But then "Hot N Cold" came out, and it's a fun song, and it's a little funny, and I started to listen to her, and then I downloaded her album. The rest of the songs aren't as offensive, and I even came to love the joy-in-transgression of "I Kissed a Girl." Although the video does draw questions about who "wins" when Perry kisses a girl (and who gets to watch the slumber party), I think the song itself is steeped more in experimentation--lesbian tourism--than in offense. Although Perry quickly follows up her admission with a reminder that she is, after all, in a straight relationship, there's something to be said for allowing ourselves to encourage everyone to ride someone else's bike for a while to see if maybe it's right for them.

If, as a gay culture, we enforce a "you break it, you bought it" approach to sexual experimentation, we're going to alienate people who are simply too afraid to try before they bi. And honestly, isn't a return policy the core value of all American interactions?

I still struggle to accept "Ur So Gay," even though I like the rest of the album (especially "I'm Still Breathing," "Self-Inflicted," and "Mannequin"). I will say I'm glad that in this context, "gay" means "homosexual" as opposed to "stupid, lame, or undesirable," because that's my second linguistic pet peeve (the first being confusing "anxious" and "eager," as in "I'm anxious to go home").

The tipping point for me was this article in Blender magazine, in which Perry essentially claims she is 60% drag queen and in love with every homosexual she meets. It might be clever damage control, but it's not like Blender really has a huge queer following. If she'd had this interview with The Advocate, I'd be smelling publicist on her breath in a second.

What do my gays think?


From a perspective beyond party politics

"This is an historic election, and I recognize the special significance it has for African Americans and the special pride that must be theirs tonight," McCain said.

Doesn't this election have special significance for all Americans? Shouldn't we all experience "special pride" today for "doing something" that took an embarrassingly long time to accomplish...? Beyond parties, beyond platforms, beyond everything: just talking about people here.

I have yet to come across mention in the national media of California's vote to strip married gay couples of their marriage rights and to reserve marriage for heteroexual couples.

And I've been looking.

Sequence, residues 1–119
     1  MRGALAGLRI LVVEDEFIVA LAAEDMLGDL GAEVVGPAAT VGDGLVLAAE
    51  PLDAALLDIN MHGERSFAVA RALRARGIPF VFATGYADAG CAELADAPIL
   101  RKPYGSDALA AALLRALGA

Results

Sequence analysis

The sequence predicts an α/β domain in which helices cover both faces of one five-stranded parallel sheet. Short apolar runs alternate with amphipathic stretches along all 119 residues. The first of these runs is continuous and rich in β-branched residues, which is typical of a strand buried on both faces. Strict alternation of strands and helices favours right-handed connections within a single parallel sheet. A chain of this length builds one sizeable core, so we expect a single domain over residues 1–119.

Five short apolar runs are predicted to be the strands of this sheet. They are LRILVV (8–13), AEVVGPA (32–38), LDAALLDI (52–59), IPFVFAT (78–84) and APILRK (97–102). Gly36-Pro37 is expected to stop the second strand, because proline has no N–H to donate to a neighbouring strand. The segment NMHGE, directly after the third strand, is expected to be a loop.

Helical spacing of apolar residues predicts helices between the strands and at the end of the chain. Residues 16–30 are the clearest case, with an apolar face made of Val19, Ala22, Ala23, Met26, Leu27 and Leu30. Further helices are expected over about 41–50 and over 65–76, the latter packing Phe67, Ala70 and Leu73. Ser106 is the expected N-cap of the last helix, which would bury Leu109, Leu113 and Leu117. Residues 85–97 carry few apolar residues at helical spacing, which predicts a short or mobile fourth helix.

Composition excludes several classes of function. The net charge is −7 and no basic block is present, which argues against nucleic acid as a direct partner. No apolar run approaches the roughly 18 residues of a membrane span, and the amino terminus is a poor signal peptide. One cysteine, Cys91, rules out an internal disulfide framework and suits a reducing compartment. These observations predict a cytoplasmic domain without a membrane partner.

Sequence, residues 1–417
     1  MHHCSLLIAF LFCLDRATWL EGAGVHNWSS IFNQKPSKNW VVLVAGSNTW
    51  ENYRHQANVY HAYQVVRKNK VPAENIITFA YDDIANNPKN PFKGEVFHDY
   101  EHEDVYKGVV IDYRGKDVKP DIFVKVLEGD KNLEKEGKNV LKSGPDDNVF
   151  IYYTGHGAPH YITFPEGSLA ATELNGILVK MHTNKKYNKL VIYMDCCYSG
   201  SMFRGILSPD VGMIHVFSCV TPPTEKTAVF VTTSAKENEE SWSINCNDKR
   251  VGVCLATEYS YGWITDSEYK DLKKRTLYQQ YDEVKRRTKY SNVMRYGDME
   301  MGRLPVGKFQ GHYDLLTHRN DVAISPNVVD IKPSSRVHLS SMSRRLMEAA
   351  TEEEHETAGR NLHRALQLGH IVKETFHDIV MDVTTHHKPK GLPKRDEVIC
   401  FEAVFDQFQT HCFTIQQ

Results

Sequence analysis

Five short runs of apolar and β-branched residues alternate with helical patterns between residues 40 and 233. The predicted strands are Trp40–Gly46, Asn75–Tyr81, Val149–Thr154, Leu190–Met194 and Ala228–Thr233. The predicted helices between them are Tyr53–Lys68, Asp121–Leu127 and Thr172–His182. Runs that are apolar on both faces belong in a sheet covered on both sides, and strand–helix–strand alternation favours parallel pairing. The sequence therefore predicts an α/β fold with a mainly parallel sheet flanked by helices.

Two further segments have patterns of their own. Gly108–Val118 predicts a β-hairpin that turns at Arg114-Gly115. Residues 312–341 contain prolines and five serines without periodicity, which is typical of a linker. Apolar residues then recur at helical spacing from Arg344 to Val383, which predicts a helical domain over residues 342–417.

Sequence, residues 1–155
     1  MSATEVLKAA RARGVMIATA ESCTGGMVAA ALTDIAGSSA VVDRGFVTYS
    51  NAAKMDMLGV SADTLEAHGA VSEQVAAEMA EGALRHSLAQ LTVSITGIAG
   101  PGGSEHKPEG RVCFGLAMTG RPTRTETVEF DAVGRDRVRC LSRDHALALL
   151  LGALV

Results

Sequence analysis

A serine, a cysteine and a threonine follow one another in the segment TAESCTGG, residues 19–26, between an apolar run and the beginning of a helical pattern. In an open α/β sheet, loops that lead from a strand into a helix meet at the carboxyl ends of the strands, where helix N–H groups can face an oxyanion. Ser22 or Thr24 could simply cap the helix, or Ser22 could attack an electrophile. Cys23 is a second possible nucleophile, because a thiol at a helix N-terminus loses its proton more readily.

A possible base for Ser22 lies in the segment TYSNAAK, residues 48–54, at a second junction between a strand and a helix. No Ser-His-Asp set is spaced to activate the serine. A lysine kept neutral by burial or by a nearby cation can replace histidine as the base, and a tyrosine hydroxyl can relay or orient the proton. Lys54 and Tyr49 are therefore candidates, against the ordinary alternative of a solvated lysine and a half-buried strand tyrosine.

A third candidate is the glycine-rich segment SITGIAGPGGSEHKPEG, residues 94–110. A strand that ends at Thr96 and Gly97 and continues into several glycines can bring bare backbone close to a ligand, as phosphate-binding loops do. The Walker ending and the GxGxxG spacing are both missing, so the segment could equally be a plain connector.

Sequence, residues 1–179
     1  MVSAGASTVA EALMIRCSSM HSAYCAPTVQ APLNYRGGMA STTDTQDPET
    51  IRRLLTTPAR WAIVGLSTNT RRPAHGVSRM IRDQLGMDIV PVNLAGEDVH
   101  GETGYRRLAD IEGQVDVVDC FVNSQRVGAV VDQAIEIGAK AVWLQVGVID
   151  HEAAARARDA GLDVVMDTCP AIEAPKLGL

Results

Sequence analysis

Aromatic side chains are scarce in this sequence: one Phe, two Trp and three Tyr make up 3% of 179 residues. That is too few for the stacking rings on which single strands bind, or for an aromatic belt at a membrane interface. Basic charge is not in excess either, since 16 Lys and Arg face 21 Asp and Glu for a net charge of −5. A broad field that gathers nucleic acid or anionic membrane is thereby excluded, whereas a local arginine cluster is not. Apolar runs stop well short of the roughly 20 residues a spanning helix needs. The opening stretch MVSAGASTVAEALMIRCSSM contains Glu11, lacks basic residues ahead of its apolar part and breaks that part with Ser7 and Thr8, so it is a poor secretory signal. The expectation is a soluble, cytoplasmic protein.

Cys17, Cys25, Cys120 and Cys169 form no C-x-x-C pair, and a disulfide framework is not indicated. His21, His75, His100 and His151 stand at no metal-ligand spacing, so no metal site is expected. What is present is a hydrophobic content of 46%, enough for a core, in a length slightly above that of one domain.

Live Blogging from my Election Linet

Good morning! I am currently in line to do my civic duty. I'm about 25 mins in, having spent the first stretch of my wait playing Nintendo DS a la America Ferrera.

People are light-hearted, chatting. A twentsomething woman was teaching a fortysomething man how to text using T9 instead of multi tap. A middle-aged woman has theorized these lines dissuade undecided voters from hitting the polls. The bald guy behind me has his left ear pierced with a stud--without irony. The young grad student ahead of me is dutifully grading papers.

This is democracy in action!



Last week I downloaded OMFGG: Original Music from Gossip Girl. This is because during every episode I end up feeling like the music on the show feels exactly right for it, even when the choice is something unexpected. I think of a scene from an episode earlier this year when Blair, during an impromptu garden party she's thrown, walks down the long, wood-paneled hall of a townhouse toward the library, where she's about to find her ex-boyfriend and her current boyfriend's stepmother in flagrante delicto. The song playing? Santogold's "Creator," a raucous, frenetic, and flat-out strange track that doesn't exactly scream "potential heartache" at all. But what it does do is suit the character moreso than sensitive acoustic rock would under any circumstance. Blair is, after all, a hunter. The song does her justice.

Though "Creator" isn't included on Volume 1 of OMFGG, there are plenty of other great songs here. Of the bands, only two (Phantom Planet and The Ting Tings) were known to me; the rest are delightful finds. The first half of the album pounds with steady rock beats and infectious pop hooks with songs like The Kills' "Sour Cherry" (which asks, repeatedly, if you're the "only sour cherry on the fruit stand"), The Kooks' "Do You Wanna," The Teenagers' "Feeling Better," and The Virgins' "One Week of Danger." Some fun electronic pieces take over, like Nadia Oh's "Got Your Number" and "Crimewave" by Crystal Castles.

Because I'm a Gossip Girl nerd, I watched the DVD extra on the show's music. I know the producers consider two factors when planning the soundtrack—that these kids would have access to (and would seek out the social cache of) obscure music, but would be obligated by their age and peer group to adhere to accepted musical standards of their generation. I think the album satisfactorily straddles both ends of the spectrum. It's also fun to listen to on your iPod while walking to and from the subway (this I've tested).

Two fun inclusions on the bonus version: "Everytime," by character Rufus Humphrey's fictitous almost-famous 90s band Lincoln Hawk (which is purportedly written about fellow character Lily Van Der Wootsen, now Lily Bass—sorry, Rufus) and the girls prep school choir version of Fergie's "Glamorous," notable for encouraging children remember to not include the phantom "u" in their spelling of the word.